Users have reported that the iPhone X battery has been draining more quickly, as well as, in some cases even shutting down their iPhone at various battery levels such as 20 percent.
While this is to be expected and is a perfectly normal thing to happen with a now two-year device, users seem to expect more out of the $999 phone. They are not wrong to have those expectations.
However, as with any device that uses lithium-ion batteries, the charge cycles will usually deplete after just a few hundred charge cycles. In this instance, the iPhone X has a charge cycle of 500 before it depletes, as stated by Apple:
A normal battery is designed to retain up to 80% of its original capacity at 500 complete charge cycles when operating under normal conditions. The one-year warranty includes service coverage for a defective battery. If it is out of warranty, Apple offers battery service for a charge.
While you can resolve the issue for possibly cheaper than Apple’s battery replacement cost by just buying a battery case, it should be noted that this will not permanently resolve the issue and that’s only a temporary fix. The battery will continue to deplete over time, possibly at a faster rate now.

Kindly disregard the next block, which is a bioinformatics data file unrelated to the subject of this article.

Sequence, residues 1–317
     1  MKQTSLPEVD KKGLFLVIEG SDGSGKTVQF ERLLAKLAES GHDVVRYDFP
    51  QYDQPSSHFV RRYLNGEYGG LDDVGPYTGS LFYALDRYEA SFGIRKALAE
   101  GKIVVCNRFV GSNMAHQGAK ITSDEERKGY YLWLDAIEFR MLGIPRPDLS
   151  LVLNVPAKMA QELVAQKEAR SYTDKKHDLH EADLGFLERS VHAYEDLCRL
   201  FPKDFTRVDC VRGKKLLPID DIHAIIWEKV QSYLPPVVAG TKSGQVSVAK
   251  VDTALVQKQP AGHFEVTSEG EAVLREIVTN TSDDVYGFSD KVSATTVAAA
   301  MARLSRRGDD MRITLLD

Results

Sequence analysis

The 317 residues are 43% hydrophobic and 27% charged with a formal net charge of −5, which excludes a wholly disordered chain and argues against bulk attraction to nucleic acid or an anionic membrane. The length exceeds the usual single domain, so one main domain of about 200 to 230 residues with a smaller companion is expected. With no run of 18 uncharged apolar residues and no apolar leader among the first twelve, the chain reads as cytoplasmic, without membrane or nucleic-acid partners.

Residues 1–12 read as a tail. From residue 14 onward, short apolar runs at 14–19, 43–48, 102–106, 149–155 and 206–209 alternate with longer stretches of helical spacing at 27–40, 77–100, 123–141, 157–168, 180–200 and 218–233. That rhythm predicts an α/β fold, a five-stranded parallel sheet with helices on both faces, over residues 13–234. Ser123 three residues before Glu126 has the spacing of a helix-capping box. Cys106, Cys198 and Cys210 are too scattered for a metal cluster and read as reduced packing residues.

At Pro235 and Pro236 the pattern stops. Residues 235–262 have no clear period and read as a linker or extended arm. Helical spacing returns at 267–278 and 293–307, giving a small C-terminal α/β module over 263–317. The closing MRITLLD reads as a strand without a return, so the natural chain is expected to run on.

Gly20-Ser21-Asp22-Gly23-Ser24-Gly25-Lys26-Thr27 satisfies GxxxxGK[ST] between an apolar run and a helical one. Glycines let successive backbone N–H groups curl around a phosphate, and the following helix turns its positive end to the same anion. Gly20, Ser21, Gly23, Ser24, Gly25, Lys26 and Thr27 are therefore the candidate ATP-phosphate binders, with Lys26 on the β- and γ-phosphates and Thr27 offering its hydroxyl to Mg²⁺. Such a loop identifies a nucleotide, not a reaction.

These issues are not of Apple’s fault, however. As I had mentioned earlier, whether you pay $2000 for your shiny new phone, or pay $199, the battery will not last as long as you would expect, as it is just the very nature of the lithium-ion battery make-up.
Does that mean phone manufacturers should include larger batteries in their devices (looking at you, Google)? Possibly. But that is why on larger variants such as the iPhone 11 Pro Max, they have those larger capacity batteries.
This is just the sacrifice you can expect as smartphones become smaller and slimmer. Not to miss, with many hardware issues, Apple recommends you have your iPhone’s battery checked at an Apple Authorized Service Center.
Whether you trust Apple and are willing to pay for a new battery replacement, or visit a local unauthorized Apple repair center, or even fix it yourself, you should receive a quote and have an expectation of how much you are going to shell out soon for that replacement.
Apple themselves typically charge $69 for an out-of-warranty replacement for the iPhone X models. Let’s just hope someone invents a different type, longer-lasting battery very soon!
Due credits for writing this story: Jeremy Bohrer
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